Displaying posts tagged under "Frank Schilling"
Frank Schilling’s registry finally comes to agreement with GoDaddy.
Frank Schilling’s registry Uniregistry has signed a registry-registrar agreement with GoDaddy, paving the way for its top level domains to show up on the world’s largest domain name registrar.
The ink on the agreement is barely dry, so you won’t find Uniregstry’s names on GoDaddy just yet. It’s possible they’ll be available at the registrar before the general availability of .christmas and blackfriday on July 8.
Uniregistry’s domain names, including .link and .photo, have had a decent start. Yet they were severely hampered by distribution.
Given the number of free domains given away through some registrars, it’s hard to judge GoDaddy’s marketshare of new TLDs. But it’s the market leader, by far.
Word on the street is that Uniregistry’s contract for registrars has a couple clauses that turned off domain name registrars.
New registrant report reveals who has the most registrations in new top level domain names.
nTLDStats.com published a new “Registrant Breakdown” today [see update below]. It shows the top registrants of new top level domain names.
Coming in at number one on the list is Frank Schilling’s North Sound Names, which registered tens of thousands of names in his own TLDs in order to sell them at higher prices.
According to nTLDStats, North Sound Names has registered 43,177. I believe close to half of those are in .link alone.
Schilling has previously said he didn’t plan to register domains in TLDs he didn’t own, so all of these registrations should be in his own TLDs.
Number two on the list is the government of China through China Organizational Name Administration Center (CONAC). They did a deal with Dot Chinese Online (.在线) and Dot Chinese Website (.中文网) for about 20,000 domain names. (nTLDSTats shows that it’s on the whois for 17,030 domains.)
After that the numbers drop to about 5,000 domains and fewer.
This information is interesting, and would be even more useful if you could break it down by top level domain.
[Update: Konstantinos Zournas comments that this data has been published for a while. I thought I saw a tweet from nTLDStats saying it just published this, but apparently I actually saw a tweet from TheDomains. So I also owe a hat tip to Raymond Hackney.]
Uniform Rapid Sexy.
When Frank Schilling released his first handful of new top level domain names he also held back tens of thousands of second level domain names for himself. These were registered in the name of North Sound Names.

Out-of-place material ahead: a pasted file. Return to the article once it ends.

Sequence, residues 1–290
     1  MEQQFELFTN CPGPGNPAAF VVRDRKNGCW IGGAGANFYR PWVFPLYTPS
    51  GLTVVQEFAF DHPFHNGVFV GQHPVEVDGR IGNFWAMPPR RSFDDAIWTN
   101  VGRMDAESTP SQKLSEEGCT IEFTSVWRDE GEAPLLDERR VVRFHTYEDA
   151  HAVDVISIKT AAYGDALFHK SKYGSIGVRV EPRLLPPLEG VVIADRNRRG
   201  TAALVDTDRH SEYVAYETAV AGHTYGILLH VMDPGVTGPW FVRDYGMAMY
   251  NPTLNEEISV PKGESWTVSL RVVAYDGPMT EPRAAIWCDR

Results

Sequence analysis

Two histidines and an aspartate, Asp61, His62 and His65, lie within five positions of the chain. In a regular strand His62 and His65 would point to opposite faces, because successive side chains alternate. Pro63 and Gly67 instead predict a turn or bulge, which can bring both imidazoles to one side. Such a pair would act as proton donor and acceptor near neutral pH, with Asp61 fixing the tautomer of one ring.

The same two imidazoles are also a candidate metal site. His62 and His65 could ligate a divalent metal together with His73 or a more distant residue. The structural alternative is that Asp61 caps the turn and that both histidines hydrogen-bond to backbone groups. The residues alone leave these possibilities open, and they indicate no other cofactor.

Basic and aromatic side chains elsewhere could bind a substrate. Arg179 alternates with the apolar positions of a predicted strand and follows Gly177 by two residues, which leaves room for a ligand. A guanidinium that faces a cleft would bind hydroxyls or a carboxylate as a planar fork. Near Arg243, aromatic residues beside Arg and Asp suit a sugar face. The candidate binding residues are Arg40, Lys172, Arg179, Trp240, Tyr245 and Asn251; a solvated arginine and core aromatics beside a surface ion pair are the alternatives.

Since the domains aren’t just held back as premiums for registration but are actually registered, they are subject to URS proceedings.
Schilling has successfully defended the first such proceeding against one of his domains, a URS for Finn.sexy.
The complainant, Finn.no AS of Oslo, Norway, has trademarks for FINN. However, the panel wasn’t persuaded that the domain was registered for any reason other than its generic nature.
You can read the decision here.
Who is the most influential person in the domain name industry?
Frank Schilling, according to respondents to this year’s Domain Name Wire survey.
37% of respondents said Schilling was the most influential person in the domain name industry. The next highest was Rick Schwartz with 18% of the vote.
Who would Domain Name Wire readers most like to have dinner with? Again, Frank Schilling. 26% picked Schilling as a dinner date, and the vote was spread a bit more broadly across other popular names in the domain industry.
Of course, Schilling has become a bit controversial over the past year with the launch of new top level domain names. As one person noted, he’d most like to have dinner with Frank “to ask him what the heck he’s thinking.”
I can only imagine this comment has to do with new TLDs, either investing so much in them or the controversy over the number of reserved domains.
Another respondent quipped, “How do you make a small fortune? Start with a large one.”
As for me, I’d enjoy dinner with Frank and everyone else on the list. As long as they’re paying
9 year delay in filing UDRP hurts pharma company’s claim of disruption to its business.
Frank Schilling has successfully defended the domain name ClearCare.com in a UDRP filed by Novartis AG.
Novartis, which has a $200 billion market cap, offers a line of contact lens cleaning solutions under the name Clear Care.
Schilling (through attorney John Berryhill) noted that his business involves registering expired domain names and parking them with ad links unrelated to any trademark usage. ClearCare.com was parked with links related to “care” but not contact lenses.
This helped Schilling win the rights/legitimate interest issue.
The doctrine of laches played a big role in the case as well. Schilling registered the domain in 2005 and Novartis just came after it in 2014. The panel noted:
Complainant cannot credibly claim that its business has been seriously disrupted by the clearcare.com domain name or the resolving webpage, because Respondent has been using the disputed domain name for nine years prior to Complainant’s bringing this action.